President Biden’s clean energy and jobs agenda is facing a critical test as the White House weighs several decisions on U.S. solar policy, with pressure mounting on multiple fronts.
While the entire solar industry wants to see more panels and cells built in the U.S., there are differing views on how to get there. The current debate hinges largely on two questions: What should happen to Trump’s solar tariffs, and should Biden’s “Buy American” policy be changed?
“We’re at an inflection point for the industry,” said Scott Moskowitz, director of strategy and public affairs at Georgia-based Hanwha Q Cells, the largest solar manufacturing plant in the Western Hemisphere. Solar is “the cheapest form of energy that has ever existed — now that the industry has scaled, how are we going to make sure we install as much as possible?”
China currently dominates the solar manufacturing industry, supplying about 75 percent of solar equipment worldwide. Critics point out its factories are powered by coal and run by forced labor.
One of the first tests for Biden comes by Feb. 6, when he must decide whether to extend the Trump Section 201 tariffs on solar panels and cells that supporters say saved the sliver of the U.S. manufacturing sector that existed. Tariff critics say they did little to boost the U.S. solar industry.
But less attention has been given to another policy approach Biden often promotes: buying American. In recent months U.S. solar manufacturers say they hope the administration will build on the “America First” inclinations espoused by former President Trump.
They are pressing Biden to expand the administration’s Buy American plan. Last year, Biden opened a dedicated office in the White House and issued an executive order to strengthen policies to increase the U.S. content in products that the federal government buys — everything from helicopter blades to office chairs (E&E News PM, Jan. 19).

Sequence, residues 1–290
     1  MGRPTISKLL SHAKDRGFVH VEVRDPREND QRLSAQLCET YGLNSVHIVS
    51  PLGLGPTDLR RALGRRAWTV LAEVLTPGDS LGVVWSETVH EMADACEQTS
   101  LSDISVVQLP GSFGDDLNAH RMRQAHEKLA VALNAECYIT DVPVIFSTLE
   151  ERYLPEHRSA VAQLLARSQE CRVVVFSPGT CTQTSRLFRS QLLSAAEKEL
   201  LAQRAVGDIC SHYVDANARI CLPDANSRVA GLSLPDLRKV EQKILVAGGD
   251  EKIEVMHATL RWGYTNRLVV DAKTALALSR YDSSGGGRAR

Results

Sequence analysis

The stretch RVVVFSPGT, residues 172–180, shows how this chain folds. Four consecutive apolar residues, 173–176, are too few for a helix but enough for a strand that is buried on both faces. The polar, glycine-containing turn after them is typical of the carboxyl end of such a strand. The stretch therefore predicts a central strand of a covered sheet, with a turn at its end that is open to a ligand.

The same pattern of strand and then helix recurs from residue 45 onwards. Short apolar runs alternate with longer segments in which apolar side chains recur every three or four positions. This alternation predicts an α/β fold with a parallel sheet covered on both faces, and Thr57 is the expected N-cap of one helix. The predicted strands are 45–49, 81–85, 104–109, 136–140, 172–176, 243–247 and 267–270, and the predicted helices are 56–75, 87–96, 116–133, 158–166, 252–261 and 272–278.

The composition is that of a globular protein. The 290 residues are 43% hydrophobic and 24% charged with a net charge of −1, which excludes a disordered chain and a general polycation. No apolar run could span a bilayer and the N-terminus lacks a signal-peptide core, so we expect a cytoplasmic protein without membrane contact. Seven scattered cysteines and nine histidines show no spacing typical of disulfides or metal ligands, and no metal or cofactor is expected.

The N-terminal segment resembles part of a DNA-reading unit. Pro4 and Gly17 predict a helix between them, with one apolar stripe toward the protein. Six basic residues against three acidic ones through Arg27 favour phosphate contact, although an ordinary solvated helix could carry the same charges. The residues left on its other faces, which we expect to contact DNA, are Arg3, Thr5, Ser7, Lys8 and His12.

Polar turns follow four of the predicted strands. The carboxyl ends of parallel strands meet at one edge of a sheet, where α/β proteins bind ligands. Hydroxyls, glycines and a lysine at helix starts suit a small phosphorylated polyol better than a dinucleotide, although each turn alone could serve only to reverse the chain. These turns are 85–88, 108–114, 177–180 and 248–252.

On Capitol Hill, Democratic Georgia Sens. Jon Ossoff and Raphael Warnock have in recent months urged the Office of Management and Budget to close what they say is a loophole in the Biden plan. Currently, it requires the federal government to buy U.S.-made solar panels but does not apply to power purchase agreements that power federal buildings.
Requiring the purchase agreements to be supplied by solar “would ensure that the federal government’s procurement of clean energy not only supports our collective goals to tackle the climate crisis, but also supports good-paying American solar manufacturing jobs such as those based in Georgia,” the pair wrote in a letter last September to acting OMB Director Shalanda Young, who will soon face Senate confirmation to be Biden’s budget director.
OMB has not said whether it intends to alter Biden’s policy, but last week it issued a press release saying it created a “Made in America” council to better track $600 billion in total yearly federal procurement spending.
Last year, Biden set the goal of making the federal government carbon neutral by 2050, and experts say that could influence emissions considering the federal government’s size (E&E News PM, Dec. 8, 2021).
After all, the federal government “is the single-largest consumer of electricity and fuel in the country,” General Services Administration chief Robin Carnahan recently told E&E News.
Carnahan said that when the government buys more clean energy, it will catalyze the rest of the market.
“And so, if we can say, we’re going to be looking for carbon-pollution-free sources of energy and signal that to the market, it can create net new renewable and carbon-free energy on the grid,” she said.
Yogin Kothari, a vice president at Boundary Stone Partners, a government affairs firm founded by Obama energy alum added: “If the federal government is going to be buying more clean energy, the clean energy it relies on should be made in America.”
Congress, China and costs